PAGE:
My checkered academic past went all over, from Environmental Studies, to Business and Merchandising, to Anthropology, to Linguistics and into Middle Eastern Studies. So, I've taken a lot of cultural and physical anthropology classes in my time (good prep work for anatomy studies!), and of course, archaeology.
And, I'm a traveller, and a student of history and cultures, so I've been on and to digs, and sites, and works. It's fascinating, and it's a piece of the ribbon of continuity of our species - to dig into the Earth to uncover them, and in doing so, of course, learn about ourselves.
So, I'm offering it to you, like this - when the archaeologist wants to understand the present, he seeks the past, in study. He chooses a site, and very painstakingly and deliberately, plots the earth, and goes to work. The work is tedious, and gentle, and mindful. It involves removing an enormous amount of 'overburden', but not in the grossest means possible; rather, the most subtle.
The tools of the trade are small trowels and hand shovels and dental picks and micro-brushes. They work, days on end, knowing something lies below, but watching every single layer of accumulated history be peeled, gently away. The layers in the earth tell the tales: ash from wildfires, consistently shaped rubble from prior foundations, even the over-abundance of pollen in a blooming year may be captured and held. The archaeologist doesn't miss these clues, these pieces, these evolutions, as time literally accumulates history vertically.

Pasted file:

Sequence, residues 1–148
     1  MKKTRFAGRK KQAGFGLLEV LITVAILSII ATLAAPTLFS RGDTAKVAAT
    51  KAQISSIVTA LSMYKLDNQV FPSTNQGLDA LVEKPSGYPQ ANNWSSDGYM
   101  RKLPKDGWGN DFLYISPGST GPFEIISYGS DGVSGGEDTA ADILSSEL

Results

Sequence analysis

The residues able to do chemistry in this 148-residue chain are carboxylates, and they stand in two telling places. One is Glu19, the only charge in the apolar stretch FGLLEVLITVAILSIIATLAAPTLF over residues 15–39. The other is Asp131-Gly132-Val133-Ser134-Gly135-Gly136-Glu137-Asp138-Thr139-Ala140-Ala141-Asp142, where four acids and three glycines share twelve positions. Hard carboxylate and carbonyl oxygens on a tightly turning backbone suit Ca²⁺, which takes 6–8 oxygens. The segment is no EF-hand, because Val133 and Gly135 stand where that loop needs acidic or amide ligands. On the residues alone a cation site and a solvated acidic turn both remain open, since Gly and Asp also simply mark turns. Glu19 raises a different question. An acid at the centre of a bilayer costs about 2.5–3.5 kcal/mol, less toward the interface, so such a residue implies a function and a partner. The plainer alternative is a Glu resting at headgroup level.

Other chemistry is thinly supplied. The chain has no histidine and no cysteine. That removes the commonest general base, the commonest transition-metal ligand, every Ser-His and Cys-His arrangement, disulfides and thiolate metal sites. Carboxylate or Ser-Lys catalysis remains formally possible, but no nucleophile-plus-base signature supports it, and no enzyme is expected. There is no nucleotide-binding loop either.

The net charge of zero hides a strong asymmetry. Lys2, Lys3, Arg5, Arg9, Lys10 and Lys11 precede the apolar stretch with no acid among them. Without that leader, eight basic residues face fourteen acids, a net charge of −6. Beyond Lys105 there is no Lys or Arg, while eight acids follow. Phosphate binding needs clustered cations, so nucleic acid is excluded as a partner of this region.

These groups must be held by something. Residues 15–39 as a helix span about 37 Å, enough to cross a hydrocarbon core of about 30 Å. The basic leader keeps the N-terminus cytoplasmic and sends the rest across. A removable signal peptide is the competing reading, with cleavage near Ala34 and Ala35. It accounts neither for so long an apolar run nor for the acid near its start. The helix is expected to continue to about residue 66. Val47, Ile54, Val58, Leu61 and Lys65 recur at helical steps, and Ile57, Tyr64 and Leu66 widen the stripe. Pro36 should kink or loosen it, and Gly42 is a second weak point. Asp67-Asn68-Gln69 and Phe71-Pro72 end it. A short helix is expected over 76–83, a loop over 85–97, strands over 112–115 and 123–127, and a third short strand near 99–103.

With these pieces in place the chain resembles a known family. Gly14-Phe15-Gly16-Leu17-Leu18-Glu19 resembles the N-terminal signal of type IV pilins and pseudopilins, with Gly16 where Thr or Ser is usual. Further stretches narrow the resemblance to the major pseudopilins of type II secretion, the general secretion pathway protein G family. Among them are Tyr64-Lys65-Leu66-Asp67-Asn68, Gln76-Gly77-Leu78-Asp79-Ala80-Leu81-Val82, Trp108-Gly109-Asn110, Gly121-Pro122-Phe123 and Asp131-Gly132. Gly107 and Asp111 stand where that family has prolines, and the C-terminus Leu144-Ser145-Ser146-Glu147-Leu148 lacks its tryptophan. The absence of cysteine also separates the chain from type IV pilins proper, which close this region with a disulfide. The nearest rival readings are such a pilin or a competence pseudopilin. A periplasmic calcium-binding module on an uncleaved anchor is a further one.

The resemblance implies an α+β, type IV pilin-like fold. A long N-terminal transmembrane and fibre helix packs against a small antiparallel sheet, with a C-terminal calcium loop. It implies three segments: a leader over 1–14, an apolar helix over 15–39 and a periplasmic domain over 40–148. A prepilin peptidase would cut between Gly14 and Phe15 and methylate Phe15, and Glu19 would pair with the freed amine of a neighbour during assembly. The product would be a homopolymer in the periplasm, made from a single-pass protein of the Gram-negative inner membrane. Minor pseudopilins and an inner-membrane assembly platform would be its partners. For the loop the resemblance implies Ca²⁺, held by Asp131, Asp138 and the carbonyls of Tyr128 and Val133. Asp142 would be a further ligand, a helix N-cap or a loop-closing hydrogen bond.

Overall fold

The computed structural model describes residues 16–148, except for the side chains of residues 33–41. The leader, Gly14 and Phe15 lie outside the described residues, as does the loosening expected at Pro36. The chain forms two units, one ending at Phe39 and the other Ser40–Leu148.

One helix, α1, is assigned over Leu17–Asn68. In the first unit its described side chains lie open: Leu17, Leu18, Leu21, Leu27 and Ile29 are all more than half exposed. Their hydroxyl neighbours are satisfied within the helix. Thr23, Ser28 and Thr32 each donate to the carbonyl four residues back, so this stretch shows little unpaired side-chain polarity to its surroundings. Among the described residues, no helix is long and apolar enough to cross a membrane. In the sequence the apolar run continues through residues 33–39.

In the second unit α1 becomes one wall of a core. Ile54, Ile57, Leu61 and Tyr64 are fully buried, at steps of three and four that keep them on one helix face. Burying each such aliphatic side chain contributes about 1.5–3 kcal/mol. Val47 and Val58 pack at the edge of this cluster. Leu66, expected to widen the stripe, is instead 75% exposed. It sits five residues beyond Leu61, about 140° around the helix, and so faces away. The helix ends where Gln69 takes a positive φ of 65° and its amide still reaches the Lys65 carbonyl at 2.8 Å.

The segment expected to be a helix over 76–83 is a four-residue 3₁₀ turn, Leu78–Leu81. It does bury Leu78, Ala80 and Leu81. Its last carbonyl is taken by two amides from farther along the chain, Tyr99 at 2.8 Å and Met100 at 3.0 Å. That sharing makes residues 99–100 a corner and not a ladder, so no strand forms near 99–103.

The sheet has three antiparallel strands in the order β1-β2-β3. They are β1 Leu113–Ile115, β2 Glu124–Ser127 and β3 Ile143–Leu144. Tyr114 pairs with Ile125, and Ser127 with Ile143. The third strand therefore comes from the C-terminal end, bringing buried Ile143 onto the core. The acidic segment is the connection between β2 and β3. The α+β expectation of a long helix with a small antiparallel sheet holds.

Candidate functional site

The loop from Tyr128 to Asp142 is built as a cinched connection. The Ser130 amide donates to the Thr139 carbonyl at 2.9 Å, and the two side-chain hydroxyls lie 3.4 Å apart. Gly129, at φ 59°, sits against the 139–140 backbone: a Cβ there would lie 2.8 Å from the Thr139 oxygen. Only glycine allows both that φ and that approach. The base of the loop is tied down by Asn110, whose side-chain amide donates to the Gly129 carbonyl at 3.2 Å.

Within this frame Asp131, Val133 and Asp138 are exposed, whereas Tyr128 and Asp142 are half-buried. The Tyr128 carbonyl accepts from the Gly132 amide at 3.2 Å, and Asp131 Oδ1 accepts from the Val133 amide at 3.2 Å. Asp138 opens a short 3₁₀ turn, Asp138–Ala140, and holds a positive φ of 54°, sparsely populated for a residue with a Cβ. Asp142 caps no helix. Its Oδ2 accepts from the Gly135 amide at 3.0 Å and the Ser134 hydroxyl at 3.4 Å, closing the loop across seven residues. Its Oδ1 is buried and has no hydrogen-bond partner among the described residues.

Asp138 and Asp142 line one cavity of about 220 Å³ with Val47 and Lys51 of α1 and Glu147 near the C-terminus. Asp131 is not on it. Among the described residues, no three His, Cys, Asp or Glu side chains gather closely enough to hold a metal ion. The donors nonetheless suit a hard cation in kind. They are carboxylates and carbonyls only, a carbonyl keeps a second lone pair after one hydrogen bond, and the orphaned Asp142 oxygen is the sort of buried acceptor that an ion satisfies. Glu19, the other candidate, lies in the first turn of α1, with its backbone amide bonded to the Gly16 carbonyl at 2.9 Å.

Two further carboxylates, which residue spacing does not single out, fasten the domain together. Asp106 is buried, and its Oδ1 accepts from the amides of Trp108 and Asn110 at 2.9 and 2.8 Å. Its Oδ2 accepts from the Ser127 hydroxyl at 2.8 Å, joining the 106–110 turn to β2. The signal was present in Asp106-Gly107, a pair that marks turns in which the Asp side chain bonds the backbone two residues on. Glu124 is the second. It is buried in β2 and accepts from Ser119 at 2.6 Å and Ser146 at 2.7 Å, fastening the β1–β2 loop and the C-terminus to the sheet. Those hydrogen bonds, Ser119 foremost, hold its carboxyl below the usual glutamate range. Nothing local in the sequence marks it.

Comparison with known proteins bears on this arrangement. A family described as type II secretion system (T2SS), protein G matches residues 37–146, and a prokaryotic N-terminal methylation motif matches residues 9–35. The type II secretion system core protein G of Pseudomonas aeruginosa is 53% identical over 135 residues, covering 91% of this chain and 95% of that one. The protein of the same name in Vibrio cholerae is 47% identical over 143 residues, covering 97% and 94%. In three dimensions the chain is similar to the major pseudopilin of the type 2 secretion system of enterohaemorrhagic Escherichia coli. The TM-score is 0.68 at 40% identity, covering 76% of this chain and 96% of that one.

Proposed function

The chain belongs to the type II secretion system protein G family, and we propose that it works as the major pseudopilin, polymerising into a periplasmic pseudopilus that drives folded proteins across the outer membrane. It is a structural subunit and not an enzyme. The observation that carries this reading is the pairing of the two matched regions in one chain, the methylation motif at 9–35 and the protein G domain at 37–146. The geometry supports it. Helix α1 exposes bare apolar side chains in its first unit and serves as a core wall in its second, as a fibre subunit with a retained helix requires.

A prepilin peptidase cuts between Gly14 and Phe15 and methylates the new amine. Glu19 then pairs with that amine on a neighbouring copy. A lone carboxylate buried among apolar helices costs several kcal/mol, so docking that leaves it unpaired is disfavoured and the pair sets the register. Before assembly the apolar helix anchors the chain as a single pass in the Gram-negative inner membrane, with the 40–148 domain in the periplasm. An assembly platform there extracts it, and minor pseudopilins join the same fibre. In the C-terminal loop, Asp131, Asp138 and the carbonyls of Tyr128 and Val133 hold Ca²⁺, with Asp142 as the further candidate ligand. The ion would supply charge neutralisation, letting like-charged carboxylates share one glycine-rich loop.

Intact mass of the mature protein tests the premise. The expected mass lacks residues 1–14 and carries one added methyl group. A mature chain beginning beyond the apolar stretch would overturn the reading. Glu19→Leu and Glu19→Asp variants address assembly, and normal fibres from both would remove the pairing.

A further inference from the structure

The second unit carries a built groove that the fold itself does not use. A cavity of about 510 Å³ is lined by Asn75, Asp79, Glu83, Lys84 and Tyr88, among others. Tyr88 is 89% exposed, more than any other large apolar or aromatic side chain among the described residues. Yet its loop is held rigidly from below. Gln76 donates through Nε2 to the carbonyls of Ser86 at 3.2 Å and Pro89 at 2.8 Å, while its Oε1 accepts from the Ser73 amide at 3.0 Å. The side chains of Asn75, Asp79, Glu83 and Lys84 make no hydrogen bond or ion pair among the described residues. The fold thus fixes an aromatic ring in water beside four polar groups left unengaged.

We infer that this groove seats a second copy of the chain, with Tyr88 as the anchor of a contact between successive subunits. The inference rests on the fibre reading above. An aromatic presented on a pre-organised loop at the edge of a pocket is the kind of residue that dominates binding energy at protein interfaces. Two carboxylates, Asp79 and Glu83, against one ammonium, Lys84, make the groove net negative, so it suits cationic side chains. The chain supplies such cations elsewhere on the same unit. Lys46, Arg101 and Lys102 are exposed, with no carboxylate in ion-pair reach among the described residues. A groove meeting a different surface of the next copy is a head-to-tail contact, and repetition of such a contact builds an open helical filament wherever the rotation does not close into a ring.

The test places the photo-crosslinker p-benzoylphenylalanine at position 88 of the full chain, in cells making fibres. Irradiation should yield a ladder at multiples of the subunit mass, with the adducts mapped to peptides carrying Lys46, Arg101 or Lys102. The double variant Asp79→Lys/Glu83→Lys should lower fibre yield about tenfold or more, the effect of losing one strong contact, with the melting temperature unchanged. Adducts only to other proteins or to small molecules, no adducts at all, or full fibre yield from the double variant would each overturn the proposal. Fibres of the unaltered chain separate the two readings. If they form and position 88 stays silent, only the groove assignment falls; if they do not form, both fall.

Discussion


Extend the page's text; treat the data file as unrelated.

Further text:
And, if you've ever seen a site, the 'best' we see is when the history was calamitous - horrible, tragic endings usually preserve history (retain their impression) the best. Pompeii, for example. That may be how it is with us. As we dig into ourselves, if we don't take the time, go slowly, peel away and mindfully examine the layers, what are we missing? Can we stay mindful enough to dig deep, but carefully? To watch, every turn of the trowel, ever sweep of the brush?
To bring it to close, I'll also tell you, aside from cataclysm, the other most fertile ground in archeological history is the trash heaps. Yup, the refuse piles - you can see what they ate, what they consumed, the shards of their pottery, the casting off of the unwanted parts of the diet, all of the tales are told in our trash, in our shit. Unpleasant, surely. But fertile for understanding, for getting down to the matter, and for digging in deep. What lies in you, discarded and buried? What tale would it tell if you so carefully and mindfully excavated it?
Dig it? Give thanks and praise!